A Place for Heirlooms
by Bob Brooke
to the Oxford University Press Dictionary, an heirloom is an object that
has belonged to a family for several generations. Thus, all heirlooms
are naturally considered antiques. Today’s 30s-somethings seem to
consider these not something to treasure, but instead, they rather
furnish their homes with items from IKEA and Wayfair.com. What they
don’t realize is that heirlooms, no matter how trivial, are their
connection to the past—to their family’s past.
For some people, a box or two of old photographs are all they have left
of their family’s history. It’s not until they get older—usually when
they retire—that they realize that they don’t know anything about their
history. It’s only then that they scramble to recover whatever they can
to learn about their ancestors.
Heirlooms, whether valuable antiques or more modest items, add warmth,
nostalgia, and personalization to a home’s decor. They’re what
distinguish your home from every other home on the street. In today’s
McMansion communities, it’s usually what’s inside each home that says
anything about the occupants. Landscaping and other restrictions imposed
by the community association prevent homeowners from drastically
changing the exterior of their properties.
Martha Stewart more or less became a design spokesperson for modern
families. She’s done just about as much for home decor as Charles
Eastlake did back the 1870s and 1880s. Stewart has always recommended
using heirlooms and antiques in her decorating schemes and often sets
collecting trends using them. Most design magazines use heirlooms as
accents or as a focal point because they realize the importance of
antiques in making an interior warm and inviting as well as adding
personality to the rooms.
Start your decorating scheme with your family heirlooms and other
memorable objects. These don’t have to be generations old but may just
have belonged to your parents or grandparents. A 1950s “period” pie
crust table may mean more to you than an antique parlor table from 1850.
The difference is that the former belonged to someone close to
you—someone you loved and cherished.
Many modern interiors, with less woodwork
and starker lines, cry out for the warmth and personality of antiques.
Heirlooms can be the focal point, enhancing an open stairwell, a lofted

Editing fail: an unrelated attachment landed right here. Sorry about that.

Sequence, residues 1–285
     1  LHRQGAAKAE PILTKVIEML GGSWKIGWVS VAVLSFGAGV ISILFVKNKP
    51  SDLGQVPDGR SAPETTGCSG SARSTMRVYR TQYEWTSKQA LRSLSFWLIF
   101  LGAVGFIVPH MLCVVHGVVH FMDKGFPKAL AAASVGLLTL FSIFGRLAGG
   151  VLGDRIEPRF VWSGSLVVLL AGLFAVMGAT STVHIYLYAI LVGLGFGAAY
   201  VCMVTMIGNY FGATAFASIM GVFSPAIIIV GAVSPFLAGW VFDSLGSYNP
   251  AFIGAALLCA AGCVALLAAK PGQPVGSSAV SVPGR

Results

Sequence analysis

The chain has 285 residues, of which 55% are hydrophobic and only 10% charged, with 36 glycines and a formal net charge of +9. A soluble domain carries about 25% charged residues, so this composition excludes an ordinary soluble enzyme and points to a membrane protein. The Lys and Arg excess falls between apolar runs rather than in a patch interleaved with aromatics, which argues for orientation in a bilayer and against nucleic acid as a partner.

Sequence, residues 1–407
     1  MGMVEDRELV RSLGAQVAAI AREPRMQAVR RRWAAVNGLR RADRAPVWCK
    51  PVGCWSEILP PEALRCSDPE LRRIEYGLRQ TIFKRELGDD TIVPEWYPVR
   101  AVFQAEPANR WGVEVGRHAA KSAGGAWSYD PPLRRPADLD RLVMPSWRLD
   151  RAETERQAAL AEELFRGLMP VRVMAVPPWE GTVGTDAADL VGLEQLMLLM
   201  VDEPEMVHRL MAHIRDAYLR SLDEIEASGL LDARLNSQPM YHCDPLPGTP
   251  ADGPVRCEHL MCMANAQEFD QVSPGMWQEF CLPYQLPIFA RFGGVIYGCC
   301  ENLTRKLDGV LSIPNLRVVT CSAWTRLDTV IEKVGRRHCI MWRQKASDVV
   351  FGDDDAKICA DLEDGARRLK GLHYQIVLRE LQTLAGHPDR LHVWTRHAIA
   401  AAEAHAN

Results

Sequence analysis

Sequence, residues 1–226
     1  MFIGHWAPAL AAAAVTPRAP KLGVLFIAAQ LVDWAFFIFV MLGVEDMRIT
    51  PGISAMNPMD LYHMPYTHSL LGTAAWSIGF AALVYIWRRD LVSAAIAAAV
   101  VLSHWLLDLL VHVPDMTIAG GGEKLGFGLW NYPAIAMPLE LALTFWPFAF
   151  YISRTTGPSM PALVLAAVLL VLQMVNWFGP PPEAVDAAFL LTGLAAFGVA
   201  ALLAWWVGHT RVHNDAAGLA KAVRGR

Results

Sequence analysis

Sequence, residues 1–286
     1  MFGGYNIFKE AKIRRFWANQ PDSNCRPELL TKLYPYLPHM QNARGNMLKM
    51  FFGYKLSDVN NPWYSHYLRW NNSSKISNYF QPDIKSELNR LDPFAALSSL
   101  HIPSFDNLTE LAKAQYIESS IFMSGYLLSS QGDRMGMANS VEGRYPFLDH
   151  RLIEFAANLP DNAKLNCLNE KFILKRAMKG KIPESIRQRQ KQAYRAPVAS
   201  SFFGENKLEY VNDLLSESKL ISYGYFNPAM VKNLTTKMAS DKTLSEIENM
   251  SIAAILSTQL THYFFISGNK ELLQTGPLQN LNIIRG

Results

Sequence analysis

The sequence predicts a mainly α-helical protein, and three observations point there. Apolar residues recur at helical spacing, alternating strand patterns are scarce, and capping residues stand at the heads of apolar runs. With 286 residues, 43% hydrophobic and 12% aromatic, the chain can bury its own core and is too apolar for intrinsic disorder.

ceiling, or an arched window. The beauty of heirlooms is that any home
can accommodate them.
Finding a Place for Heirlooms
is the keyword in today's decorating world. You can bring the past and
present together in an "eclectic" setting. To intertwine the old with
the new gives a room a feeling of depth and character. It’s boring to
decorate with just only one style, wood, or color. Variety is the spice
of life and antiques can add that spice to your decorating scheme.
Interior designers used to want everything in a room to match. Some who
work for furniture retailers still practice this concept. After all,
their main job is to make sure the customer buys everything they need to
decorate a room from that retailer. And people who don’t feel confident
about decorating accept their choices and room arrangements. In some
cases, the customer doesn’t add anything personal to the mix because it
could take away from the overall new look.
think that younger homeowners are also looking for value, so they’d be
drawn to older pieces because of their craftsmanship and warmth. But
according to recent retail statistics, this isn’t the case. Many don’t
realize that antiques can be a bargain in the long run. But they see
antiques as representing what their parents had and want to strike out
on their own.
So how do you incorporate heirlooms into your home? The trick is to
group like items together, such as a grouping of candlesticks or old
photographs. Color livens up a room. Use it as an accent.
You may also want to decorate individual rooms in your home around a
theme. One could be based on souvenirs gathered from your family’s
travels. Today’s den is just the place for a collection of souvenirs.
You can use other rooms to display items used in the same rooms in your
parents’ or grandparents’ houses. Dining rooms are a good place to show
off heirloom china, for example.
Display should inspire your creativity. Enjoy showing off that special
heirloom. Give it prominence in your display. You can be formal with a
symmetrical display or informal with an asymmetrical display. In a
symmetrical display, all the items are of equal balance. An example
would be a lamp on each side of a fireplace mantel with an antique clock
in the center. However, more people like asymmetrical displays because
they involve a grouping of odd-numbered items, such as three, five,
from the past. If you want to achieve a certain historic look, visit
historic houses and museums to get an idea of what types of objects and
furniture you should include. And if there’s an annual open-house tour
in your or a nearby community, take the tour and pay attention to how
other people use heirlooms in their homes.
And finally, study old photos, especially ones from your family. They’ll
give you a historic record of real antique settings so that you can
display your items in an aesthetic manner similar to your grandparents’.
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